By Lambert Strether of Corrente
As readers know, I’m a strong advocate of hand-marked paper ballots (HMPB), hand-counted in public (HMPB-CP), and we’ve periodically written on this topic at NC; see HMPB-CP in Quebec (2012), paper ballots in India (2016), a review of the literaure (2018), Virginia’s return to paper ballots (2017), “ballot marking devices” and corruption when electronic voting machines are chosen (2019), and problems with the “cyber” approach to elections (2020).
Now a Bloomberg article, “Expensive, Glitchy Voting Machines Expose 2020 Hacking Risks,” gives me the chance to review the condition of our election macninery in 2019. Bloomberg is suitably appalled by the choice of voting machines, but a little wide-eyed and naive about the local officials making those choices, and covers two important players badly: First, the owners of the electronic voting machine compaines, to whom it gives only a passing glance; second, the intelligence community, at which it does not look at all.
First, the good in Bloomberg. The technical superiority of HMPBs is recognized:
Security experts say the cheapest, and to their minds, most reliable and hack-proof method to cast votes also happens to be the lowest tech: paper ballots marked by hand and fed through scanners (no chads) to tally the results. They have called for replacing computerized equipment—particularly paperless older models—with the decidedly Luddite alternative.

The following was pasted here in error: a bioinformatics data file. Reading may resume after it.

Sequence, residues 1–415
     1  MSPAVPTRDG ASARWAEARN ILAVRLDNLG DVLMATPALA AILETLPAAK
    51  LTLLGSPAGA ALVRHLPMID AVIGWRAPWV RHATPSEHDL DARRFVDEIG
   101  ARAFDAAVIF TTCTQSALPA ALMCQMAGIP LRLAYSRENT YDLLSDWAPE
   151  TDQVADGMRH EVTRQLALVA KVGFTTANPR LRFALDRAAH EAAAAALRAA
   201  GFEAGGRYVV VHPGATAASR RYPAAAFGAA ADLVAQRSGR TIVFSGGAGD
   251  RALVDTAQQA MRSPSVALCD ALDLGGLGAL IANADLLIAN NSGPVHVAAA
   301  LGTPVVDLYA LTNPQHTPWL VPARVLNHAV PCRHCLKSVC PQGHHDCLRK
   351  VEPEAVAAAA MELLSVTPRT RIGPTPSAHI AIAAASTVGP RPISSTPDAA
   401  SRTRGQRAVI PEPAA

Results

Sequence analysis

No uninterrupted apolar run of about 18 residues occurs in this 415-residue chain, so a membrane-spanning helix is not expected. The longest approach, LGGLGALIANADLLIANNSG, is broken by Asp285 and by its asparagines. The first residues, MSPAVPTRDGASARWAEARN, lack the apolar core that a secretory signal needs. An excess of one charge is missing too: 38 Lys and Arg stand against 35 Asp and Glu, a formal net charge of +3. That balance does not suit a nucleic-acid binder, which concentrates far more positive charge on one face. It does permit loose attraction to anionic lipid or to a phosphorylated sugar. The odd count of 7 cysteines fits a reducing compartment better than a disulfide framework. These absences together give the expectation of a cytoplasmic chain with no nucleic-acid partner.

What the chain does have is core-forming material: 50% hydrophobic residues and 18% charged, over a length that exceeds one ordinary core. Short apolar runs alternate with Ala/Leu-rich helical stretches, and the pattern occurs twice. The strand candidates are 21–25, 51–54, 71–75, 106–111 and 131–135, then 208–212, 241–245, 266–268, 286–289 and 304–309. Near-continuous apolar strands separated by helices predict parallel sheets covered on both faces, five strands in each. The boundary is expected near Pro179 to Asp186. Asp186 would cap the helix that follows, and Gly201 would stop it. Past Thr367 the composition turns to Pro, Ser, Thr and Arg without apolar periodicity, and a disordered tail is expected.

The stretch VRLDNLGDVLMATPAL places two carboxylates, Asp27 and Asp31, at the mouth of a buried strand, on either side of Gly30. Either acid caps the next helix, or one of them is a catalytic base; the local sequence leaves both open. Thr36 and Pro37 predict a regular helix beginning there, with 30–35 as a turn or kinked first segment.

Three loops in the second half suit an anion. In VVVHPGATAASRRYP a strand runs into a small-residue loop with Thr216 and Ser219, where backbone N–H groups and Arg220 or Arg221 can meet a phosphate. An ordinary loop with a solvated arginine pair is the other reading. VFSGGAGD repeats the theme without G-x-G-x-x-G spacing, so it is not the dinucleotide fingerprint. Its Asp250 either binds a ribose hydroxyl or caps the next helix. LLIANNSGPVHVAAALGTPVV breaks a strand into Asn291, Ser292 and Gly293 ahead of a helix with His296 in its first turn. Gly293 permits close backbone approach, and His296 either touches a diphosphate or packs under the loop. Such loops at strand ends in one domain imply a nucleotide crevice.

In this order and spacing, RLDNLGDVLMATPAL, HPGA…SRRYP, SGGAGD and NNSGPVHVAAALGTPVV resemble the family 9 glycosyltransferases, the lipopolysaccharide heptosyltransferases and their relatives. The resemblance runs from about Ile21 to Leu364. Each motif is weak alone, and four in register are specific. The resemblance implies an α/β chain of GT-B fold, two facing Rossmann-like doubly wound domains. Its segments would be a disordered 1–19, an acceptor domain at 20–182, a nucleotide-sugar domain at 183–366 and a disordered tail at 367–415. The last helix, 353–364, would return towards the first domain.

The devices have “raised far more security questions than paper ballots because you have a potentially hackable computer standing between the voter and the record,” said J. Alex Halderman, a computer science professor at the University of Michigan, adding that without sufficient research, these new machines could be “a waste of money.”
(Personally, I’m a strong advocate of the lowest tech solution of all: eliminating digital from the equation entirely with HMPB-CP, as in Quebec, since anything digital can be hacked, and that includes scanners. However, I recognize that scanners, being simpler, are easier to debug and to validate. Some scanners are programmable; others are not. Crossed fingers.)
Further, Bloomberg presents this handy chart to show that introducing HMPB’s save money:
(I’m a little amazed at seeing an institution with the word “cyber” in its name supporting a low-tech solution; that speaks very well of the University of Pittsburgh Institute for Cyber Law, Policy and Security & Citizens for Better Elections.) One would like to think that cash-strapped localities would leap at the chance to save money, but apparently not. Still Bloomberg:
Cybersecurity experts are baffled by local election officials choosing the computerized voting machines. “It’s a mystery to me,” said Rich DeMillo, a Georgia Tech computer science professor and former Hewlett-Packard chief technology officer. “Does someone have 8 x 10 glossies? No one has been able to figure out the behavior of elections officials. It’s like they all drink the same Kool-Aid.”
The animus is mutual. At conferences, election administrators swap complaints about cyber experts treating them like idiots, said Dana DeBeauvoir, head of elections in Travis County, Texas, whose office purchased a computerized system DeMillo deplores. Hand-marked ballots are “a supremely horrible idea” cooked up by people in Washington “who have never had to really conduct an election,” she said.